The battery pack is one of the most complex components of an electric vehicle. The accumulator is, by its very meaning, an aggregate of entities; it is the union of cells in modules and modules in packs, i.e. a sum of performances, a sum of limits, a sum of errors, a sum of working lives and, in general, a sum of potentially very different characteristics even if the nominal data of each element are the same.
That is why balance of elements that make up the accumulator is a key step in manufacturing in order to optimise power, energy, range, life and safety.
Accumulators have been common in our daily life for a long time: batteries power most of our devices. The evolution of mobility forced us to consider extending the idea of application, of performance, of charging to a new “dimension”: from the remote-controlled mini cars to the real vehicles. What could have been considered negligible with 1,5 V and 400 mAh is today amplified by the average value of 4V and 150 Ah, just per single cell. The greater is the power, the greater are the phenomena to be considered.
Another significant variable deserves attention because it depends on the quality of the accumulator: the temperature, both environmental and of the accumulator itself. In fact, the important current today requested affects the chemistry and the electrotechnics of the accumulator with the Joule effect. Moreover, the daily temperature or the seasonal variations are external variables that, particularly in case of mobility, are relevant.
These aspects, combined with the market competition rules – based primarily on quality and reliability – led the industrial world toward the implementation of new controls and tests on the battery manufacturing chain.
The battery is, for its own meaning, an aggregate of entities; in our case is the joining of cells into modules and modules into packs, i.e. a sum of performances, a sum of limits, a sum of errors, a sum of working lives and, in general, a sum of characteristics potentially much different even if the nominal data of each element are equal. The first reason why accumulator testing is being a key step of the production is the balancing, or its control, of the elements composing the accumulator.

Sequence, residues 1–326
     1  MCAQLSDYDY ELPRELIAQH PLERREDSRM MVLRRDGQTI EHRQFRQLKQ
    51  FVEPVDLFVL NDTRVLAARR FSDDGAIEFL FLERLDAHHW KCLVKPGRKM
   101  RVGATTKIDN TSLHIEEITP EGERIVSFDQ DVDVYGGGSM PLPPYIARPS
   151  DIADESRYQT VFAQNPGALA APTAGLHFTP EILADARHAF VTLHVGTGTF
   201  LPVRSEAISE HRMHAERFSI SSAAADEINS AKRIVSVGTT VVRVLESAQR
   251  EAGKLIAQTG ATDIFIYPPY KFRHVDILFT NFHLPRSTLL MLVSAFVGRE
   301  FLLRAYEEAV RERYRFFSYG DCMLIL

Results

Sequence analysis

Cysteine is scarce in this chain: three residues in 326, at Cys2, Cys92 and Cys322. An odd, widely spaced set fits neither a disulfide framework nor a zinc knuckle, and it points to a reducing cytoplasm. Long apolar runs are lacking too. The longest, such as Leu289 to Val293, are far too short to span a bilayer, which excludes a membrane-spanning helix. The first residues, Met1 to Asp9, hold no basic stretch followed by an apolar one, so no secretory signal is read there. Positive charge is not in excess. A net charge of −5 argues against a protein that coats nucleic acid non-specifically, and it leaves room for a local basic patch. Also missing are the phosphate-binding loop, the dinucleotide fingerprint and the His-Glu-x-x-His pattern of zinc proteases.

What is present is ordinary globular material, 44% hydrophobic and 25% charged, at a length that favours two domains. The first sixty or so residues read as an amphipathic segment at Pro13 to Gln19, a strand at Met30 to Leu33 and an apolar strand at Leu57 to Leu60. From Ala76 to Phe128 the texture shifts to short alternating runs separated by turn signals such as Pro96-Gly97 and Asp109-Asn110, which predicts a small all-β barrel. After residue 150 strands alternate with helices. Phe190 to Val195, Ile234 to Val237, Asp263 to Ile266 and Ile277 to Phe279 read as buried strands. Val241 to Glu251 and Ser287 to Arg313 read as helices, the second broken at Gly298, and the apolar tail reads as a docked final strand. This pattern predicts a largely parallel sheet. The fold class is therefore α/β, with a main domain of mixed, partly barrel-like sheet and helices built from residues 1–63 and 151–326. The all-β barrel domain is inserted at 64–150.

Furthermore, to maximise the accumulator performance and to prevent its early compromising, it is necessary to know the battery logic management. The tasks of preserving the battery’s efficiency, lifespan, thermal stability and safety rely on the battery management system (BMS), an embedded logic unit that regulates the flow and distribution of energy to and from the cells.
The BMS collects and evaluates the working variables to tune the current supply to each single battery cell and supervises the safety and health to be optimised. This is the current paradigm over battery management that tends to avoid any damages of the accumulator, but limits its global performances as well.
State of Charge
Even if a BMS is in charge of cells' Status of Charge balancing (so called SOC), it cannot reach the ideal optimum results because of some other variables that have to be taken into account.
BMS works with parameters intrinsically characterising the battery pack elements as physical entities; BMS acquires their value and computes them to execute the best accumulator management, sadly levelling its output (in terms of charging and discharging) to the weakest single element of the entire battery pack.
As said, what BMS does is just the gathering of data on which it has not any possibility to intervene. To guarantee the homogeneity of the elements in the same module, so that the BMS exploits the greatest performances, it is fundamental to combine a set of accumulators with the same main features through preliminary assessments and consecutive grading and sorting of cells and modules.